Internet TV platforms are increasingly investing in original programming, placing them in direct competition with traditional media conglomerates. In 2019, for example, Netflix spent $15bn on content. By comparison, the entire public service license fee income of the BBC is $4.4bn.

Listed below are the key macroeconomic trends impacting the internet TV sector, as identified by GlobalData.

The future of cinemas

People are increasingly moving away from consuming movies in cinemas. In the US and Canada, theatre admissions fell to their joint ten-year low in 2019, down 5% from 2018, according to The Motion Picture Association of America. Content aggregators, such as Netflix, have started to create their own blockbuster content. This has led to fears for the future of the cinema industry, with speculation that cinemas could die out entirely, or become a niche market. Further consolidation within the industry will follow. Cineworld’s purchase of Cineplex in December 2019 demonstrates this trend. Covid-19 will worsen this crisis, as cinemas have been forced to shut down and content scheduled for cinema release has been distributed through digital channels instead.

M&A

The value of M&A deals in the music, film, and TV industry over the five years ended 31 December 2019 was $354bn. Internet TV has been the primary thematic driver behind many of the largest deals.

As technology titans like Apple, Amazon, Google, Facebook, and Netflix set their sights on the TV industry, consolidation has been the only defensive strategy available to incumbent TV networks. For example, Disney’s $71bn acquisition of the film and TV assets of 21st Century Fox in March 2019 created one of the largest content creation and distribution companies in the world. CBS and Viacom were forced to merge because they were smaller TV networks that needed to consolidate their position.

Further M&A within the entertainment industry is likely. Film studios and TV broadcasters are likely to consolidate their assets to fend off the threat from tech titans like Amazon, Apple, and Netflix. Potential targets include smaller broadcasters such as ITV or AMC Networks. Likely bidders include not only Big Tech companies but also some telecom firms.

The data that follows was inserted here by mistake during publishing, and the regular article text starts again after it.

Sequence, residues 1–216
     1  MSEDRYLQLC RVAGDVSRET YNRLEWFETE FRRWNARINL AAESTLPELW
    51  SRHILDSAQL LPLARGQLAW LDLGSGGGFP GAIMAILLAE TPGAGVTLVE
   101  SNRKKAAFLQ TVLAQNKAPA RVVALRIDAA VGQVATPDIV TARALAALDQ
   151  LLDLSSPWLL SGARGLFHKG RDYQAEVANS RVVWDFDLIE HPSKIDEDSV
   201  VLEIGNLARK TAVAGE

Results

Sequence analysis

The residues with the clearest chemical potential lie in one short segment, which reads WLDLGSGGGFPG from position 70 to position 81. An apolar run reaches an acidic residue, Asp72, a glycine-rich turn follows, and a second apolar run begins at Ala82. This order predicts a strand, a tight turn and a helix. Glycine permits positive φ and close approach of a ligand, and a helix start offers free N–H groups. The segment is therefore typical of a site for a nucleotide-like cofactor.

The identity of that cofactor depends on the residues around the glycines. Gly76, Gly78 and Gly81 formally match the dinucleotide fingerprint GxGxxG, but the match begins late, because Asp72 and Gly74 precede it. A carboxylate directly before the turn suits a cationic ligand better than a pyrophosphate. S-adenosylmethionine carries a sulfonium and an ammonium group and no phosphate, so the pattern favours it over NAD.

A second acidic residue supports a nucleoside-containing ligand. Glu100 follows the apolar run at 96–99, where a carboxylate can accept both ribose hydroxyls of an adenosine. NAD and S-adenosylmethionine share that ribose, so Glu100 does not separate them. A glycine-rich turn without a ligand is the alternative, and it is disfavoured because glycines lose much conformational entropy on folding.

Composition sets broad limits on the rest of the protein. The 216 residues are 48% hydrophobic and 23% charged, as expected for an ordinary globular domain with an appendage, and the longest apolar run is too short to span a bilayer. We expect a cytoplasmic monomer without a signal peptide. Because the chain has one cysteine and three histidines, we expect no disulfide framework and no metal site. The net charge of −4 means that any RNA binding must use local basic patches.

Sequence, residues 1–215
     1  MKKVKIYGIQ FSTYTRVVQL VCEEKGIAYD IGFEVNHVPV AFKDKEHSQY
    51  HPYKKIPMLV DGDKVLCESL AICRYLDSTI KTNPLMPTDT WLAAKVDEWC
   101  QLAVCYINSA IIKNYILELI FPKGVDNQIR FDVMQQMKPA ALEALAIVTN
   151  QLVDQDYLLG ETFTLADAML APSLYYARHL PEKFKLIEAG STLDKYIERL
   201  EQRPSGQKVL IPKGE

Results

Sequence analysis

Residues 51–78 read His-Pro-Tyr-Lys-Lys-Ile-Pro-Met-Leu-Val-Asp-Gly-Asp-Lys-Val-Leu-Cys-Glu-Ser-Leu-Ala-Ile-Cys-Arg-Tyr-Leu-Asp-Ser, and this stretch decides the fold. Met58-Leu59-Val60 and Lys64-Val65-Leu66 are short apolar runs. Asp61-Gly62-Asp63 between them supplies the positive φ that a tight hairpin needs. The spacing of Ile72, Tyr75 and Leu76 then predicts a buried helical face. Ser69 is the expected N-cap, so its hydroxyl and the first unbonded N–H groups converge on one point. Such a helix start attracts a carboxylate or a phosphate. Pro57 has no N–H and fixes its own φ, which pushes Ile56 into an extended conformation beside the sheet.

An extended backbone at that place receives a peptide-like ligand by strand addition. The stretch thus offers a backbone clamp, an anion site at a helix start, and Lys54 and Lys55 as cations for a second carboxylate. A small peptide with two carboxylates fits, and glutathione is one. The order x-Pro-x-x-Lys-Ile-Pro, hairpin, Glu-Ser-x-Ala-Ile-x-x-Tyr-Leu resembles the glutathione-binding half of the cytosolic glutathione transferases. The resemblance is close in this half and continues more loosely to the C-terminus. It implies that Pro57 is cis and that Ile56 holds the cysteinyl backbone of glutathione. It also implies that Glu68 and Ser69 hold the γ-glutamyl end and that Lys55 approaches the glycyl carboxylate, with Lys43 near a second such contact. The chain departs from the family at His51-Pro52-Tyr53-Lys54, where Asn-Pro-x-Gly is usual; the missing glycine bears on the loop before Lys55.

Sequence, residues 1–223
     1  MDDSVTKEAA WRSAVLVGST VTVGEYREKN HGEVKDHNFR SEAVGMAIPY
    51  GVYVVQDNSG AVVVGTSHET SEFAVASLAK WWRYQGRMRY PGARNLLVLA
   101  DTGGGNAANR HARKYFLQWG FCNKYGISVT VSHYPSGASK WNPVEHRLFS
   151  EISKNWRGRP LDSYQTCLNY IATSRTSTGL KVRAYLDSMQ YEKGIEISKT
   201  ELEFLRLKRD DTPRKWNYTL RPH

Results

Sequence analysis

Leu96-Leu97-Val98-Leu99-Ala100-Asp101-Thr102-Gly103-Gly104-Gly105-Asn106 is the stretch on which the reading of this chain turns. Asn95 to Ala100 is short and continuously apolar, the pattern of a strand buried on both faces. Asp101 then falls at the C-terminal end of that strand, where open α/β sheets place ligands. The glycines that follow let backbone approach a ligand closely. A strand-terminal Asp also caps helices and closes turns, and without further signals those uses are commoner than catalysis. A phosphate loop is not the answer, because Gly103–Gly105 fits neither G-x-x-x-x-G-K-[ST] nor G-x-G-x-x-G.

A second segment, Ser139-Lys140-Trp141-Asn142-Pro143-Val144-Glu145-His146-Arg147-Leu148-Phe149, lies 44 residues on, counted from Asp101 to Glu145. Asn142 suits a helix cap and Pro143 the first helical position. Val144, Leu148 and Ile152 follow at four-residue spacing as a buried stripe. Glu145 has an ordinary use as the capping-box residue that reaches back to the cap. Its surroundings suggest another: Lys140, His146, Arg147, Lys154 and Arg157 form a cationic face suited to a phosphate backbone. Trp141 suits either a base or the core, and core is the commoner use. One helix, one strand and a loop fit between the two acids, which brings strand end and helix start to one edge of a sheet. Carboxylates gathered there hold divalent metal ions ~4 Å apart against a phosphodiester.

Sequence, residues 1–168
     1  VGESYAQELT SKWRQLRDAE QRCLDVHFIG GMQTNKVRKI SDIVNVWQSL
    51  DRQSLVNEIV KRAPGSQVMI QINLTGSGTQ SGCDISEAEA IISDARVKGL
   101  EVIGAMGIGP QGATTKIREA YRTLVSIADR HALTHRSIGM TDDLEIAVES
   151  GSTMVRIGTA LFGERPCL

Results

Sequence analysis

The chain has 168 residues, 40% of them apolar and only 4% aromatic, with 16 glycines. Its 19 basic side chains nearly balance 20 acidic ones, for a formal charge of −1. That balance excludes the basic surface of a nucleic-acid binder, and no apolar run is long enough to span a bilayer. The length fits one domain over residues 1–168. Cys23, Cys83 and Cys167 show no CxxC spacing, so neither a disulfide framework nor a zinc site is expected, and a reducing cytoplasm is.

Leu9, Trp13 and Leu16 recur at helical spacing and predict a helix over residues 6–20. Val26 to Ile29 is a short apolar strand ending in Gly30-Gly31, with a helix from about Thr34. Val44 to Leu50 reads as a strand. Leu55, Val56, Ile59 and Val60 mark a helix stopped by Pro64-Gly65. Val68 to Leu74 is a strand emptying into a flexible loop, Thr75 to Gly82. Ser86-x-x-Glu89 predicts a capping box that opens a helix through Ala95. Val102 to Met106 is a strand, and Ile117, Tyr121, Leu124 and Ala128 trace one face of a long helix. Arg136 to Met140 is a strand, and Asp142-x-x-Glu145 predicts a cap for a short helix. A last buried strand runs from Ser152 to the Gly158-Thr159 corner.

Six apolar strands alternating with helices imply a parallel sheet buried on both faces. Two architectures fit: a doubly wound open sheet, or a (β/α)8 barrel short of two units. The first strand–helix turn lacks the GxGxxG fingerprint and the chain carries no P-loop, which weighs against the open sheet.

Predatory pricing

Many new entrants in the OTT TV market are pricing their subscriptions at unsustainably low levels in order to gain market share. This may spark a price war, giving users the ability to subscribe to multiple services at affordable rates. Apple TV+ is being offered free for a year in over 100 countries with the purchase of any iOS device and at $4.99 a month thereafter, while Disney+ costs just $6.99 a month in the US. These fall well below Netflix’s standard price of $12.99 a month in the US.

Bundling

Bundles of several OTT TV services are becoming more widespread. This is important because consumers would prefer to subscribe to a single streaming platform, and, in the long term, the market will need to consolidate. Roku was the first to allow users to choose from at least 25 different OTT TV entities and pay a consolidated bill. Disney offers its three services – Disney+, ESPN+, and Hulu – in a single package for just $12.99 a month in the US. We expect more firms to consolidate their offerings, as Apple plans to do with music, TV, and news. Firms that exist in an isolated ecosystem, such as Netflix, or that aren’t willing to allow their content to be bundled, may lose out.

This is an edited extract from the Internet TV – Thematic Research report produced by GlobalData Thematic Research.

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